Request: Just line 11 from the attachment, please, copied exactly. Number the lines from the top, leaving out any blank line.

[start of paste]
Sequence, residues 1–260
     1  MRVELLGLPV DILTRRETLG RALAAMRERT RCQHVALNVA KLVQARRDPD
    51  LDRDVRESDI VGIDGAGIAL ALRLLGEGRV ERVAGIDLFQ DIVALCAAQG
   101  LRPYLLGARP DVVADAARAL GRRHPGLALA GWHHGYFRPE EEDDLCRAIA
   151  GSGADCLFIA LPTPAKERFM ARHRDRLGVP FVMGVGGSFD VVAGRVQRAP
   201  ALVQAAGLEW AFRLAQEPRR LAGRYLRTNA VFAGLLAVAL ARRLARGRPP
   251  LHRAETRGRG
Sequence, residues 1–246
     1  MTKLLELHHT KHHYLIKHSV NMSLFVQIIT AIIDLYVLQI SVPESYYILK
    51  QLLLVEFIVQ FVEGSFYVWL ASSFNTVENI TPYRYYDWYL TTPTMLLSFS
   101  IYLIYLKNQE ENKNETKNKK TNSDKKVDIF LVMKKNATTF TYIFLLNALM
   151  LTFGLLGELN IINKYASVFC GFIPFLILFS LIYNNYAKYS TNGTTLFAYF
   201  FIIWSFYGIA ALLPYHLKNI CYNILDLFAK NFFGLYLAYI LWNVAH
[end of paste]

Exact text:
   101  IYLIYLKNQE ENKNETKNKK TNSDKKVDIF LVMKKNATTF TYIFLLNALM